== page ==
From an early age, Andrea Clarkson began drawing what she saw.  "In the spring I would watch as my grandfather stripped and varnished his wooden boat in the dusty yard of the marina. The visions of my grandpa and his boat stuck in my head, and I had to put them down on paper when I got home.  I drew on old envelopes, Hershey Bar wrappers, anything that was lying around." 

Clarkson studied art at Bowling Green State University where she earned a Bachelor of Fine Arts degree in painting and ceramics.  An exploration into the field of production pottery lead her to York, Maine were she worked as a Potters assistant at Beaumont Pottery.  Later she painted murals and taught art classes at the Toledo Museum of Art.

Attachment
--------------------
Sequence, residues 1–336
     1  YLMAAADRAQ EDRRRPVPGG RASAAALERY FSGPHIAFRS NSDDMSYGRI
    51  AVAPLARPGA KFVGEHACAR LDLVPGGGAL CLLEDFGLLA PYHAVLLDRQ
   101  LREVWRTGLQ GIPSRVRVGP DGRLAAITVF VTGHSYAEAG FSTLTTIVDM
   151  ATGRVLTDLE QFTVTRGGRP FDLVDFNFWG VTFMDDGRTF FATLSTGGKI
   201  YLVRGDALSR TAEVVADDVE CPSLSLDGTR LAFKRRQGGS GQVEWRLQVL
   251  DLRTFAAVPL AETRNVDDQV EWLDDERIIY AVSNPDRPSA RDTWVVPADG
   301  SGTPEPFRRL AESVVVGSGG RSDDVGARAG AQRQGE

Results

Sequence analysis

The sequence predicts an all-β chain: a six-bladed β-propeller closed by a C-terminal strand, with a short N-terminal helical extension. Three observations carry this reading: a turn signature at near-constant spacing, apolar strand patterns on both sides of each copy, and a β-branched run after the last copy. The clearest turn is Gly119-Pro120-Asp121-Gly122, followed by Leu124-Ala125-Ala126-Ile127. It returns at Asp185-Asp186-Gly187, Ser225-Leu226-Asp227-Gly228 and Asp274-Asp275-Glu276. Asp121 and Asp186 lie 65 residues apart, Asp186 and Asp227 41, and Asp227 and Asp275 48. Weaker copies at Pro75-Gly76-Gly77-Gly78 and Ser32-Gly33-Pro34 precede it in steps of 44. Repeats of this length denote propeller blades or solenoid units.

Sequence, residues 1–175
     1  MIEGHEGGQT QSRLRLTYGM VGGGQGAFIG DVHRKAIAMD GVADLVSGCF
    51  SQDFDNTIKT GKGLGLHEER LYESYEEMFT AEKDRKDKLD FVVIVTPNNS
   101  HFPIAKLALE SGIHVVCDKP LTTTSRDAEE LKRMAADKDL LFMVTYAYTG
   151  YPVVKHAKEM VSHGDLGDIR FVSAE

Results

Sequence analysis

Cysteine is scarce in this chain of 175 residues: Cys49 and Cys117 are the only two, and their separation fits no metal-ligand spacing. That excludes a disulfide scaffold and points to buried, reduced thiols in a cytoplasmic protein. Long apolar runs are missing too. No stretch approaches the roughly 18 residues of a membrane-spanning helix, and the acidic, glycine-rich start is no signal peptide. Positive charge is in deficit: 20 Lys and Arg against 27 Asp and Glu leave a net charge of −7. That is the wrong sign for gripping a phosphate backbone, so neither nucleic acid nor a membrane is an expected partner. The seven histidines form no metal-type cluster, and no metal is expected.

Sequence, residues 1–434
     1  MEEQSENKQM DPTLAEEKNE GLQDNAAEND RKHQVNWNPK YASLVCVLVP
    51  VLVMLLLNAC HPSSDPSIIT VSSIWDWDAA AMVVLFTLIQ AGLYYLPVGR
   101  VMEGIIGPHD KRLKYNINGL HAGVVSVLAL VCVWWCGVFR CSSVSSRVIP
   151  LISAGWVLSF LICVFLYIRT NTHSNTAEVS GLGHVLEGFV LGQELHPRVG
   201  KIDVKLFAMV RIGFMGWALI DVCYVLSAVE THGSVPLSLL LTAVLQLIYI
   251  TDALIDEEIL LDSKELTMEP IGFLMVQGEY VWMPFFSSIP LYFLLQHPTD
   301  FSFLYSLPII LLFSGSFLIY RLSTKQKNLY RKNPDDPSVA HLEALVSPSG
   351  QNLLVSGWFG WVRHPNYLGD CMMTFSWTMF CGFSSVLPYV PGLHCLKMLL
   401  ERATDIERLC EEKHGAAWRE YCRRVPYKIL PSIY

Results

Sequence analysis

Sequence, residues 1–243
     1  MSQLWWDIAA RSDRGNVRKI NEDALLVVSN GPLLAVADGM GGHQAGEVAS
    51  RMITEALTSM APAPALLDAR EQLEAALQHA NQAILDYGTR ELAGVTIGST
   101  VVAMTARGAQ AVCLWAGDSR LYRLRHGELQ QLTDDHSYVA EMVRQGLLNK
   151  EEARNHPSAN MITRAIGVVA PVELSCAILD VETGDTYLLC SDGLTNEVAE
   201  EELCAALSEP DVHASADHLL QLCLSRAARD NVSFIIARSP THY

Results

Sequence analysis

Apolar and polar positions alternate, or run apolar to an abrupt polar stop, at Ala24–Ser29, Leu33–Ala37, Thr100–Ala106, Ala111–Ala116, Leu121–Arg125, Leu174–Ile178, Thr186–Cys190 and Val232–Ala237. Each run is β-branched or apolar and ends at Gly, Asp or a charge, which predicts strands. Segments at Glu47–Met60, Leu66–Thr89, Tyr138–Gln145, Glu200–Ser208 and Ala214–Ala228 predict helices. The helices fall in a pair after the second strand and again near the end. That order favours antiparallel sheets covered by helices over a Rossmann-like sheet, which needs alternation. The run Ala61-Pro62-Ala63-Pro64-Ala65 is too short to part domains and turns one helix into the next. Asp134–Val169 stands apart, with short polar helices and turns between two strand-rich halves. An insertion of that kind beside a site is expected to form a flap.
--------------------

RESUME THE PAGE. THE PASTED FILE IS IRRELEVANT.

When asked, "What is your style?"  Clarkson says, "I am not married to a certain technique or subject matter, but if I had to describe my intentions in one word, the term "Naturalism" works best. Naturalism is defined as "the depiction of nature" as opposed to an idealized portrayal of something. 

Clarkson's subject matter ranges from the seaside fish markets and street scenes in Mexico to the way light and shadow create harmony in a still life or a person's face.  Expressive brushwork, thoughtful composition and good drafting skills are the guiding principles with every new piece.  "My work does not have a particular style," she says, "it is simply what I see."